I turn last to engulfment, which is really a subdivision of the hazards of lack of physicality. I know lots of people who won’t have anything to do with the internet and think of it as a potential nightmare, with all those email messages and garish web sites crawling up their phone line and into their computer and overloading their hard discs and jumping into their eyes and down their optic nerves to fill every neurone and every millimetre of mental space with rubbish and with demands on their time and emotional resources. There is, I can attest, some truth in this, but you don’t have to open email: you can file it or bin it, if your curiosity doesn’t get the better of you. You can also use your software to highlight certain sorts of email, e.g., forums you value highly, personal letters, even Netdynam.

However, there are less totalised forms of engulfment anxiety. If I confine my worries about engulfment to messages from Netdynam itself, I have to confess that it is, all by itself, too much for me. I don’t open all the messages and don’t read the full text of all the ones I open. I play various kinds of hooky and am not a fully attentive camper. I will never be an Eagle Scout. I am too busy and have other priorities and don’t want to be fully immersed in this large a family. The one I started out with was too much. The one I have off-line is more than sufficient. I have seen it said on Netdynam that I am thought of by some forum members as an absent parent. I decline the projection.

The thought I am left with is that the internet poses new problems about the relationship between object relations and morality — not, perhaps, a virtual morality but a morality of the virtual, in which the absence of physicality leaves us perilously and primitively within the domain of unconscious phantasy while ostensibly belonging to groups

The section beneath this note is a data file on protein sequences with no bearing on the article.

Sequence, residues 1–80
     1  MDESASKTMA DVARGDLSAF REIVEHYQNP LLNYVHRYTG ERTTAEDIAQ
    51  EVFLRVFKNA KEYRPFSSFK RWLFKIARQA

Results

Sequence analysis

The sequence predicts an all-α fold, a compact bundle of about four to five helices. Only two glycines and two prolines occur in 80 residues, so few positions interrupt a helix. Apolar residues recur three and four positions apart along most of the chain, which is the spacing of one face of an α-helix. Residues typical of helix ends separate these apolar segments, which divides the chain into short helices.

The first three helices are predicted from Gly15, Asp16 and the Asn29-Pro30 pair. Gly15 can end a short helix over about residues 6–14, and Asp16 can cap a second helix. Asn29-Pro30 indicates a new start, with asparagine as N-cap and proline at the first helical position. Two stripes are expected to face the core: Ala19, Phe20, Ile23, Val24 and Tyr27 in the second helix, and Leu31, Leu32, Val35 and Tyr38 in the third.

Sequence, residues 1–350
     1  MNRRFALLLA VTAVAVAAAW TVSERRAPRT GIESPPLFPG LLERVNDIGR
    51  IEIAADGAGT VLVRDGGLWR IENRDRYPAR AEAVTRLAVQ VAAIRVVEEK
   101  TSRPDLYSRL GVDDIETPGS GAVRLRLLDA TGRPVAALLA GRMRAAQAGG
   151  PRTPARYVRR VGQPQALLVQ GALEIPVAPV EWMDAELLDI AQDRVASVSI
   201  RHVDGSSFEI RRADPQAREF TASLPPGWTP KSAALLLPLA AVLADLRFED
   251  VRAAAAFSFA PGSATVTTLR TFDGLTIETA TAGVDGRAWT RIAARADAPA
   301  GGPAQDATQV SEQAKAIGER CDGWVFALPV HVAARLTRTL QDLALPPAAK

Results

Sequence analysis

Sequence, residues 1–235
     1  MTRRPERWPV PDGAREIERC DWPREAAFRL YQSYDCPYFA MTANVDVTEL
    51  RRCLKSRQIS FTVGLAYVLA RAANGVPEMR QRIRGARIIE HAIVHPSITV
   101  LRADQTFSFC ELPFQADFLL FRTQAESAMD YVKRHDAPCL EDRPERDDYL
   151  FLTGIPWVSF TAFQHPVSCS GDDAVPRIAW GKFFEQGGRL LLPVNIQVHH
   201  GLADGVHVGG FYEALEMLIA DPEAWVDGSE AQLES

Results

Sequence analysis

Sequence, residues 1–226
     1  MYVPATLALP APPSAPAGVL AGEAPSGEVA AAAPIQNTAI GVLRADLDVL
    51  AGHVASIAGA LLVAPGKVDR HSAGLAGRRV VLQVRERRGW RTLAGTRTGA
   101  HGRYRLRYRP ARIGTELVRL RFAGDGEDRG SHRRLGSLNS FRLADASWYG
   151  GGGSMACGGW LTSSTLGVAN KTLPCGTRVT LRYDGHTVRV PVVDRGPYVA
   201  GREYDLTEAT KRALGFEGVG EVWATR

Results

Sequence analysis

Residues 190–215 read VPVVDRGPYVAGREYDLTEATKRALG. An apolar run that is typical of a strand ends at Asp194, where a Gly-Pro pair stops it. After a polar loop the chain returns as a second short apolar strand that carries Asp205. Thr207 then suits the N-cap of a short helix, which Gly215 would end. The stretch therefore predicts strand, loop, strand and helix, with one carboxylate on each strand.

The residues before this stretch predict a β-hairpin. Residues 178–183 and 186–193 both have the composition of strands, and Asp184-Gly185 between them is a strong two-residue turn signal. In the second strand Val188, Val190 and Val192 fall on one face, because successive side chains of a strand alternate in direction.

This is a talk given, with contributions by other Netdynam subscribers, to a conference of ISPSO, The International Society for the Psychoanalytic Study of Organizations, in New York, 14 June 1996.


Bell, Sir Charles (1924) Essays on the Anatomy and Philosophy of Expressio, 2nd ed. Murray.

Darwin Charles R. (1872) ) The Expression of the Emotions in Man and Animals. Murray.

Greenberg, Jay R. and Mitchell. Stephen A. (1983) Object Relations in Psychoanalytic Theory. Cambridge, MA: Harvard.

Lavater, J. C. (1775-78)Essays on Physiognomy , 2nd ed., 3 vols. in 4, trans. Th. Holcroft. Symonds, 1804.

Slouka, Mark (1996) ’Virtual Anarchy’ (edited extracts from The War of the Worlds. Abacus, 1995), Guardian 30 Jan. 1996, 2: 2-5.

Strawson, Peter F. (1959) Individuals: An Essay in Descriptive Metaphysics. London: Methuen.

Turkle, Sherry (1995) Life on the Screen: Identity in the Age of the Internet. N. Y.: Simon & Schuster.

Young, Robert M. (1995) ’Psychoanalysis and/of the Internet’

______ (1996) ’Primitive Processes on the Internet’

Both available at home page:  http://www.shef.ac.uk/uni/academic/N-Q/psysc/staff/rmyoung/index.html

The Author

Address for correspondence: 26 Freegrove Road, London N7 9RQ

email: robert@rmy1.demon.co.uk

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Ian Pitchford and Robert M. Young - Last updated: 28 May, 2005 02:29 PM